During the holiday break, eleven Wake Forest University students will share the holiday spirit by spending 10 days volunteering in Honduras helping victims of Hurricane Mitch.
As part of the Honduras Outreach Project and Exchange (H.O.P.E.) Scholars Program, the students and one faculty leader will depart for Honduras from Raleigh-Durham International Airport on Friday morning, Jan. 1. They will travel to the Agalta Valley, a remote mountainous region with an average annual family income of $400. Working beside the villagers, the students will help the Hondurans rebuild homes destroyed by the hurricane.
The students will return on Monday, Jan. 11, in time to begin spring semester classes.
This is the second year a Wake Forest group will go to Honduras during the holiday break. Zach Miller, a senior from Clemmons and the student leader of this year’s group, also went to Honduras last year. During that trip, students worked with villagers to dig latrines, build additions to houses, repair roads and assist with other projects.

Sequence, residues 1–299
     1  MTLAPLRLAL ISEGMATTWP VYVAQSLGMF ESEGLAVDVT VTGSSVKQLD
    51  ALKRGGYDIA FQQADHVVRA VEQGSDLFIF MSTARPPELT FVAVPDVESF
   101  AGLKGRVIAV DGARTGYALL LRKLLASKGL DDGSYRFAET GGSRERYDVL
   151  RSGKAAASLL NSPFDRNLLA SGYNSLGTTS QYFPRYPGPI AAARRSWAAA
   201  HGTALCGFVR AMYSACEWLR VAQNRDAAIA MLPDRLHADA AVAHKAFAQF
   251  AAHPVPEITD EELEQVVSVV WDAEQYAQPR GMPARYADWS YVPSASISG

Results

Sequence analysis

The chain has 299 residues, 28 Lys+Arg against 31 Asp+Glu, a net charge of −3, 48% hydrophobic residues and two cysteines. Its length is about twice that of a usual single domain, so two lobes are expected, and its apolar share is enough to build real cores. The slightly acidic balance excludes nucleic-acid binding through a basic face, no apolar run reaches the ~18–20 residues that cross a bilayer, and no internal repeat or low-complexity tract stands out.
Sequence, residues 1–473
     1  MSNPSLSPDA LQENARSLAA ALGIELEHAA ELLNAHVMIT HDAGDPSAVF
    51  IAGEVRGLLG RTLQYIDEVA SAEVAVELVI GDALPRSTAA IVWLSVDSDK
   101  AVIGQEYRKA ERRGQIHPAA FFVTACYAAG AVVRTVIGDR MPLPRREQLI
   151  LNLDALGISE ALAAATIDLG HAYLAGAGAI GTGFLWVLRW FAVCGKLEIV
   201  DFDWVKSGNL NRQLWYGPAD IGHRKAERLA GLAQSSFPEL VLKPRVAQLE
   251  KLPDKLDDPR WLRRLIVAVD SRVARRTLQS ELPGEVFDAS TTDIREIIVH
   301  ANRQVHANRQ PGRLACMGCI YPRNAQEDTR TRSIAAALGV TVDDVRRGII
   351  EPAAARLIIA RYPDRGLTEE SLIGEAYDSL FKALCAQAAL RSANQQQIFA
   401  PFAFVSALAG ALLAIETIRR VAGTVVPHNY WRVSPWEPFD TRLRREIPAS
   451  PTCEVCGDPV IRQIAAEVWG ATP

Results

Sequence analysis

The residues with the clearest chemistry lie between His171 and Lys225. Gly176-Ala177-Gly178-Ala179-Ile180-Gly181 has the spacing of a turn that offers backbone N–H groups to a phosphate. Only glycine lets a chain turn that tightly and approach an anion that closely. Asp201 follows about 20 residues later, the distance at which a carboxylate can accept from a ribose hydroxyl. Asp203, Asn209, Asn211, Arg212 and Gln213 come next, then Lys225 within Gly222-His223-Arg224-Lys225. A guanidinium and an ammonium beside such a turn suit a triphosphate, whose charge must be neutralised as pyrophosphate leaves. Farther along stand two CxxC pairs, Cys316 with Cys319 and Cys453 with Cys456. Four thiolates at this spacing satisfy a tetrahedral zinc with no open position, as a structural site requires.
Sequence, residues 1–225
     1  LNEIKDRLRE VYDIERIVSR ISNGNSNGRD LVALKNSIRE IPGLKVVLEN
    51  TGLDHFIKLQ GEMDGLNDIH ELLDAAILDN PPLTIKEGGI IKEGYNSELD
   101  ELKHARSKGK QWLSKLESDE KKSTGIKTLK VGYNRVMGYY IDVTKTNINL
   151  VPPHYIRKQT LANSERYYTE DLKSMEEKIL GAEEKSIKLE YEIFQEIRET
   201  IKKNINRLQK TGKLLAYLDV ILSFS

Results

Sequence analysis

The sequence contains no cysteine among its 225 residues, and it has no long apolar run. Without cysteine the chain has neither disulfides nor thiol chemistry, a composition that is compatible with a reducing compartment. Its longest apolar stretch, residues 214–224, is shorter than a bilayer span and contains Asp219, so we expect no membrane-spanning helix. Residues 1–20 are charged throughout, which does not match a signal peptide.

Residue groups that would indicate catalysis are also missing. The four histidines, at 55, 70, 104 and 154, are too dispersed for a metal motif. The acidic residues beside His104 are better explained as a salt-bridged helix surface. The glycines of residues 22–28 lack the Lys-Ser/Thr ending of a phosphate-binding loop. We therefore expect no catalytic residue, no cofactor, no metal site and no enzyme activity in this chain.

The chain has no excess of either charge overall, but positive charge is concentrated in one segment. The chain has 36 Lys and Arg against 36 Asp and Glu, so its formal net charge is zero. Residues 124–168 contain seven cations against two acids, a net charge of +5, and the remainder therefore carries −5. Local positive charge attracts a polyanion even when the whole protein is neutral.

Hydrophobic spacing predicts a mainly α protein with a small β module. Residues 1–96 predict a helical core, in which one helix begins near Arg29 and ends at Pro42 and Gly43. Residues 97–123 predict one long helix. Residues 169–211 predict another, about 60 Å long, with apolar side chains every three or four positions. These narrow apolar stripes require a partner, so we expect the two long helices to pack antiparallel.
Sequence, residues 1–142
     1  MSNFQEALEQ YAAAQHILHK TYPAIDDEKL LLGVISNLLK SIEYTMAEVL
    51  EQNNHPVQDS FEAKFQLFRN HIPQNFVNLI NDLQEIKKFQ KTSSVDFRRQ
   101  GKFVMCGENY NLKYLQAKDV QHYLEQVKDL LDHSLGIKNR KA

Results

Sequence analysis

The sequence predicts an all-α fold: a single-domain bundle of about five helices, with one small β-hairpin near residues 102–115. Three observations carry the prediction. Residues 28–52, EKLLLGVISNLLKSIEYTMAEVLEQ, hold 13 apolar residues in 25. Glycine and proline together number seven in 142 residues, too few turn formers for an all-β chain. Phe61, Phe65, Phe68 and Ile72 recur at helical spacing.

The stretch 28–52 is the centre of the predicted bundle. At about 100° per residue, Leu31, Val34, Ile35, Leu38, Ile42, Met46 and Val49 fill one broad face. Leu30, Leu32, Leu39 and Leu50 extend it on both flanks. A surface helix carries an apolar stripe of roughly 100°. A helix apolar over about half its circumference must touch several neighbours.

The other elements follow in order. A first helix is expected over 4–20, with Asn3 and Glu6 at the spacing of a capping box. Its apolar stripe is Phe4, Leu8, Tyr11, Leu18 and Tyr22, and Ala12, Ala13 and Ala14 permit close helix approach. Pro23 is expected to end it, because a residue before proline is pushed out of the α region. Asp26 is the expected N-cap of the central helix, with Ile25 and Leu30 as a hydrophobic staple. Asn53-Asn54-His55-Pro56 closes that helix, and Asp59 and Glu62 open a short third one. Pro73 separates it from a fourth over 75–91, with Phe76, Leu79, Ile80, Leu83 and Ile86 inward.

To prepare for the trip, the group has met weekly since August. Various faculty members have led sessions on different aspects of Honduran life and culture, conversational Spanish and other relevant topics.
The purpose of the trip is to “further the spirit of volunteerism in Wake Forest students,” according to Paige Wilbanks, Wake Forest’s coordinator of volunteer services. “Through this experience, students will return to the United States with a greater understanding of poverty and Third World culture.”
Dr. James Wofford, a professor of internal medicine and gerontology at Wake Forest University School of Medicine, will also accompany this year’s group.
The project is funded by money given to Wake Forest to support ethics and leadership by the Mary Reynolds Babcock Foundation, the same fund used to support Wake Forest’s international service trips to Calcutta. The service trip is coordinated with Honduras Outreach, Inc.
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